- Carcinoembryonic antigen
- Carcinoembryonic antigen (CEA) is a protein found in many types of cells but associated with tumors and the developing fetus. CEA is tested in blood. The normal range is Benign conditions that can increase CEA include smoking, infection, inflammatory bowel disease, pancreatitis, cirrhosis of the liver, and some benign tumors (in the same organs which have cancers with increased CEA). Benign disease does not usually cause a CEA increase over 10 ng/ml. The main use of CEA is as a tumor marker, especially with intestinal cancer. The most common cancers that elevate CEA are in the colon and rectum. Others: cancer of the pancreas, stomach, breast, lung, and certain types of thyroid and ovarian cancer. Levels over 20 ng/ml before therapy are associated with cancer which has already metastasized (spread). CEA is useful in monitoring the treatment of CEA-rich tumors. If the CEA is high before treatment, it should fall to normal after successful therapy. A rising CEA level indicates progression or recurrence of the cancer. (Chemotherapy and radiation therapy can themselves cause a rise in CEA due to death of tumor cells and release of CEA into the blood stream but that rise is typically temporary). "Carcinoembryonic" reflects the fact that CEA is made by some cancers ("carcino-") and by the developing fetus ("-embryonic").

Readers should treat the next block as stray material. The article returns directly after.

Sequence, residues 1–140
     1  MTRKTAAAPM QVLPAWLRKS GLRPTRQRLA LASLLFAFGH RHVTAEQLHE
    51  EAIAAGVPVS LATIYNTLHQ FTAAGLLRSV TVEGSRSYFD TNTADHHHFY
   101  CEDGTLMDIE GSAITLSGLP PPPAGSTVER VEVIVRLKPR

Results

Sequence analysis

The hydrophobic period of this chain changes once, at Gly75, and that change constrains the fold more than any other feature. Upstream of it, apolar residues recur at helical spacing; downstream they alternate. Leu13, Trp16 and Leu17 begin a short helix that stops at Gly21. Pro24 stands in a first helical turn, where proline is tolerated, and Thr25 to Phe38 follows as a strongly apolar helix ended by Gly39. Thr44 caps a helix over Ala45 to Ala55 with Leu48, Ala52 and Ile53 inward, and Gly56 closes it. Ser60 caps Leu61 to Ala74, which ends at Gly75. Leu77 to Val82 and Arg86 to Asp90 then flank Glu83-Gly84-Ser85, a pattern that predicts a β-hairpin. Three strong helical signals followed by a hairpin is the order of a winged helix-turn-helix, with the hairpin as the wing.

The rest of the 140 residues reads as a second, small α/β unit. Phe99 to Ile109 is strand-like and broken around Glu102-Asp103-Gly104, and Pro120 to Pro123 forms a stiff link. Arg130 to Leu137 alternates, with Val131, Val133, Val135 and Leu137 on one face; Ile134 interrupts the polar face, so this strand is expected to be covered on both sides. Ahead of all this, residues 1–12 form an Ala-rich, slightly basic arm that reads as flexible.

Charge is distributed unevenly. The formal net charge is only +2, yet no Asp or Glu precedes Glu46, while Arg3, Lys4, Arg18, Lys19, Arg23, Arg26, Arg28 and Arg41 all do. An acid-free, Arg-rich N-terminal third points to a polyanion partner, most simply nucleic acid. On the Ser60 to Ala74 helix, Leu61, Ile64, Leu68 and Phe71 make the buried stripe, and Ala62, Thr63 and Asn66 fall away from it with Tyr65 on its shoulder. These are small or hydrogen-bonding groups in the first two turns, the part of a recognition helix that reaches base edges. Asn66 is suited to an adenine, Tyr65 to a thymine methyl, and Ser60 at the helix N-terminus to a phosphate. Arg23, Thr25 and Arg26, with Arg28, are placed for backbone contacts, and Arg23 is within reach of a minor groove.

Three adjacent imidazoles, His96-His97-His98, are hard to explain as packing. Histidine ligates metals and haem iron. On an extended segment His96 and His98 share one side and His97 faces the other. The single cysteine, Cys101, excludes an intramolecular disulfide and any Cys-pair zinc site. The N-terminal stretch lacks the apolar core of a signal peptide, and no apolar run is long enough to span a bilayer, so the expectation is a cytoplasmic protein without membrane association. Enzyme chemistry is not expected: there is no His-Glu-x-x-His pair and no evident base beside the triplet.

* * *car·ci·no·em·bry·on·ic antigen .kärs-ən-ō-.em-brē-.än-ik- n a glycoprotein present in fetal gut tissues during the first two trimesters of pregnancy and in peripheral blood of patients with some forms of cancer (as of the digestive system or the breast) abbr. CEA
* * *(CEA) a glycoprotein secreted into the glycocalyx coating the luminal surface of gastrointestinal epithelia. Originally thought to be a specific antigen of the fetal digestive tract and adenocarcinoma of the colon, CEA is now known to occur normally in feces and pancreaticobiliary secretions and to appear in the plasma in a diverse group of neoplastic and non-neoplastic conditions, including cancers of the colon, pancreas, stomach, lung, and breast, alcoholic cirrhosis and pancreatitis, inflammatory bowel disease, rectal polyps, and cigarette smoking. The primary use of CEA is in monitoring response to treatment of colorectal cancer.
Medical dictionary. 2011.